I like dcblogs new little brain tickler at the top of the page each day. Nice addition!
So I’ll devote this posting to a response to DC’s not quite an urban paradise yet, but we’re getting there.
My response is to the original post(s) at American Prospect by Ezra Klein and the comments specific to DC.
My first response: what city do you people live in? Cause it ain’t MY city.
The amount of mis-information floating around in the original posts and the comments is astounding, such as:
"...a plurality of [DC's] population is well educated and in many ways upper middle class, while far more of its population is poor and not well educated..."
(First, I think the word “plurality” is misused: you’re either well educated, or you’re not.)
Some facts: DC Poverty Rate: 18.3%; Percentage of DC residents with a BA or higher: 39.1%
(From the U.S. Census) Please don’t comment that 18.3% is high. It is, but it is not a majority. And 39.1% is also high. Extremely.
DC has a bad rap as being a poor, crime-ridden place. There, of course, is a racial overtone to that bad rap, since DC is 57% black. But the statistics don’t back up the rap.
The black middle class in DC is HUGE, but they live in places few white people have ever heard of, because nothing ever happens there to make it onto the evening news and they don’t have any trendy night spots: Riggs Park, Michigan Park, Brightwood, Hillcrest, Fort Dupont, Fort Totten, etc. (Also in places you’ve heard of, like Capitol Hill and Anacostia and Bloomingdale and Ladroit Park and Shaw.) These people may or may not have college degrees (although many do), but they all have good, stable jobs (either blue or white collar), or own businesses. It’s true that some of these neighborhoods don’t have many “coffee shops,” but neither did McLean, Bethesda, Silver Spring, or Arlington until a decade ago.
The symbolic "coffee shop" comes down to culture: 20 years ago, a coffee shop was a diner. You went there for breakfast and a cup of coffee and sat at the counter. The United States has never had a tradition of cafes, or tea houses, or tea rooms, or hookah bars, or Hamams, or bath houses, or any other kind of "third place" (save neighborhood bars), except in ethnic enclaves, where people brought their old world traditions with them. (And by “old world”, I’m including Asia, the Middle East, and Africa: check out the coffee ceremony at Dukem some time.) To claim coffee shops are white is silly. They are a new phenomenon in most of the U.S., and are slowly spreading everywhere. At most, they are bell-weathers of new prosperity, which says little about race. By the way, Mocha Hut, Love Cafe, and Jolt-n-Bolt are all minority owned businesses. To add to the confusion, many of the new places on U Street (that cater to “Yuppies”) are owned by immigrants, minorities, or, brace yourself, partnerships consisting of whites and minorities together! How does this fit into the rich/poor/race/class/new-comer/old-resident/owner/renter/working class/yuppie calculus that so frustratingly dominates such discussions?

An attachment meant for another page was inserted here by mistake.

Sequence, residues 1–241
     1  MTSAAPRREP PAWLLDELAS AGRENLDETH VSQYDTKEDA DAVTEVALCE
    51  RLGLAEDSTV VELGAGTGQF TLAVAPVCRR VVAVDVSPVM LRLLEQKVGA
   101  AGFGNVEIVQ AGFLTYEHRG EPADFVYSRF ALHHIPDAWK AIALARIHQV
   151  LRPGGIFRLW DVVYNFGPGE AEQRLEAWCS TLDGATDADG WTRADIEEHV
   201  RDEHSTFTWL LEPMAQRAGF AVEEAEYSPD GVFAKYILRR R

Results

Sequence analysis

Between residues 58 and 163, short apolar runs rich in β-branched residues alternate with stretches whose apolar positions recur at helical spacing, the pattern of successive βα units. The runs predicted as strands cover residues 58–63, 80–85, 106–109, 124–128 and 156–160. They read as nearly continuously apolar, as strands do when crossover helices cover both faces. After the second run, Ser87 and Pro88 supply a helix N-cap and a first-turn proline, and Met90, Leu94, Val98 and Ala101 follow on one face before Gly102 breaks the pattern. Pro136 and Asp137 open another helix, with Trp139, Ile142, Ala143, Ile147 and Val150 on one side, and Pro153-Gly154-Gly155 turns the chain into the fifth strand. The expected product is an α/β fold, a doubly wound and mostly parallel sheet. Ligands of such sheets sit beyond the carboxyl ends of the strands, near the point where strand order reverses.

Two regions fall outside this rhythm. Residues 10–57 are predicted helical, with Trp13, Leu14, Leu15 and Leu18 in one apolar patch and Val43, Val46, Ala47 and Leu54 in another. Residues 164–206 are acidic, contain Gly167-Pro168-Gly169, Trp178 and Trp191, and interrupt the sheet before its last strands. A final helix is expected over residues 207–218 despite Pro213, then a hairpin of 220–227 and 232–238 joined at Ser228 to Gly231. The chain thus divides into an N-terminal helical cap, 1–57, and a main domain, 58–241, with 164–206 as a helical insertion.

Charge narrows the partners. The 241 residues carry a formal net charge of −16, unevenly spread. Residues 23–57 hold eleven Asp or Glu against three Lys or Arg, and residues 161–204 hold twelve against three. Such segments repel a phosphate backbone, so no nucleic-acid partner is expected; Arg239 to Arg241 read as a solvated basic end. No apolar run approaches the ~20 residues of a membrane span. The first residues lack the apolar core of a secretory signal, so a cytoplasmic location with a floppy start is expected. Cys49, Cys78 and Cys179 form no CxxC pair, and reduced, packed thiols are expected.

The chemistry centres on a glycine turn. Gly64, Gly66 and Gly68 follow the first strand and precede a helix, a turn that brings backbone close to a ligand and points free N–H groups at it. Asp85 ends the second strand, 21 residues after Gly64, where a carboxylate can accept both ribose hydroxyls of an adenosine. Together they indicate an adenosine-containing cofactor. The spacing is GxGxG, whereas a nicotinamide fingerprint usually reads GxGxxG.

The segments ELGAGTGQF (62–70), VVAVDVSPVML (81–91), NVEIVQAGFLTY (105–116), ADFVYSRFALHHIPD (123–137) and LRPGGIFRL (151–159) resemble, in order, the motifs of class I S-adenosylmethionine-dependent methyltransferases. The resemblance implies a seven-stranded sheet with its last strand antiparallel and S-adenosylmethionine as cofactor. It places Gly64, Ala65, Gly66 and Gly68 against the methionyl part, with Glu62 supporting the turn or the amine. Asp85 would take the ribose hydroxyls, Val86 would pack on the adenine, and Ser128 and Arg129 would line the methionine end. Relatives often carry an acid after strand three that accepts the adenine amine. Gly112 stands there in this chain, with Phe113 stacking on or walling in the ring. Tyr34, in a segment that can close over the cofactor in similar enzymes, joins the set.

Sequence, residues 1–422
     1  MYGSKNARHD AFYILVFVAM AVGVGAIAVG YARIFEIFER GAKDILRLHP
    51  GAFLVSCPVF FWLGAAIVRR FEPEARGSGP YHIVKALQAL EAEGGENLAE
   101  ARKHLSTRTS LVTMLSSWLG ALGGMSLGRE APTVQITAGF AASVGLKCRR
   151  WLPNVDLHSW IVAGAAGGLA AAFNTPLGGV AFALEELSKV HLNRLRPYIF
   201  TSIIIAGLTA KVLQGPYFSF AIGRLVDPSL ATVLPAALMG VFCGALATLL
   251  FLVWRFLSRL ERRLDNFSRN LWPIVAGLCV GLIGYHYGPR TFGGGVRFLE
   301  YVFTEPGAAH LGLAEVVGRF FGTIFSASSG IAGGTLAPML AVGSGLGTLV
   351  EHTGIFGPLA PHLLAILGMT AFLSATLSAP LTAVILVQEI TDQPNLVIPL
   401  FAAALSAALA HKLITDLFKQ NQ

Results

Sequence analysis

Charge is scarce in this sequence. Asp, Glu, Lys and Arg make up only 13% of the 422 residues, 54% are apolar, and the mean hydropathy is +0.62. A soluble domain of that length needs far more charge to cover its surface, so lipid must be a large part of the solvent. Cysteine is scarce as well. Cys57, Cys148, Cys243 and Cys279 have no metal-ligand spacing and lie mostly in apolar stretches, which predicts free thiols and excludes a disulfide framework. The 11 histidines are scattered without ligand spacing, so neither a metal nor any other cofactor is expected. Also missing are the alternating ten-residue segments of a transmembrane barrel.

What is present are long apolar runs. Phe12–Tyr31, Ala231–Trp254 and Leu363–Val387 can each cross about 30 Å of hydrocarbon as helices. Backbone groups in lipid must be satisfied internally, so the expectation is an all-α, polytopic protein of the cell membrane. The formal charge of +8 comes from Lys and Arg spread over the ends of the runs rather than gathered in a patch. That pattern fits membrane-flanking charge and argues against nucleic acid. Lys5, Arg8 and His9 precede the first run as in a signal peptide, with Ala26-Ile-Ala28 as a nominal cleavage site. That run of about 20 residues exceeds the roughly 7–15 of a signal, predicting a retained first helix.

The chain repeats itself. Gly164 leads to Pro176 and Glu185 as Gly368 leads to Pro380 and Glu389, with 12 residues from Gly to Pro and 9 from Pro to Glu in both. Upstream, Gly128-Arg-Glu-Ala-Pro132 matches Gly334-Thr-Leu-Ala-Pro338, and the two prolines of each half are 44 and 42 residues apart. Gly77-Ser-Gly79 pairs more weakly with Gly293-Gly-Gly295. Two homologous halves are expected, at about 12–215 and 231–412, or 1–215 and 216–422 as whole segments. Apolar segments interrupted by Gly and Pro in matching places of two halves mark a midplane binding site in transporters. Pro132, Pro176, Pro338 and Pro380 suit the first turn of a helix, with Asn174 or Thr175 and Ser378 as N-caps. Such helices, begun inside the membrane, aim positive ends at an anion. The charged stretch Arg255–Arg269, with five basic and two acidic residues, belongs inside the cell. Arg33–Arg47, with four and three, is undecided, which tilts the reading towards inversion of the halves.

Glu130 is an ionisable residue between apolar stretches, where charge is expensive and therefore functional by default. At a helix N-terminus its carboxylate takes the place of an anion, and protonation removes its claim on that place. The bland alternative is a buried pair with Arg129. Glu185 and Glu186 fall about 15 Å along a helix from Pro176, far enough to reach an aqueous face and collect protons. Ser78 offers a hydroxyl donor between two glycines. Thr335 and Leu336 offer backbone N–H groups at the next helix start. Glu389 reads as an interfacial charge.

Ezra Klein seems to think that a city government conjures up things like coffee shops (and other amenities that make a city “livable”). While a city government can encourage local businesses in a variety of ways (something I think DC does a poor job of), the “free market” plays the largest role in how a city develops.
Moving on: the idea that DC doesn't have any University ties is also absurd. The city is full of Howard lawyers, doctors, and dentists who stuck around, as well as lawyers, doctors, and dentists (and every other profession you can name) from Georgetown, GW, American, CUA, Trinity, even UDC.
The assertion that DC doesn’t have bookstores or an arts culture is also ignorant. Within walking distance of my place, there are the following bookstores, some new, some old (you know, before all the hated yuppies moved in):
Red Onion Books, Second Story Books, Idle Time Books, Candidas, Books-a-Million, G Books, Kramer Books, Busboys and Poets, Lambda Rising, Howard University Bookstore, and I'm sure I'm forgetting some.
There is a large and dynamic arts scene is DC. It’s just that it’s filled with people who actually spend their time painting, writing, sculpting, acting, and dancing, and not a bunch of highly visible posers who hang out at cafes NOT painting, writing, sculpting, acting, or dancing, like in other cities. Because to be able to afford to live in this city, you better get off your ass and do some work. Here are some fine examples:
Washington Writer’s Publishing House
Capitol Hill Arts Workshop
Mid City Artists
Lines and Stars
Burlesque Poetry Hour
And these are just the ones I know about.
Finally, I came to DC to go to grad school, and discovered that it is awesome, and so I found a job here so I could stay. It’s awesome because, unlike Portland and Seattle (overwhelmingly white, overwhelmingly boring, overwhelmingly easy to live in (or "livable")), DC is diverse and challenging and stimulating. You’ll find a lot of people like me in DC, at least the DC in which I live.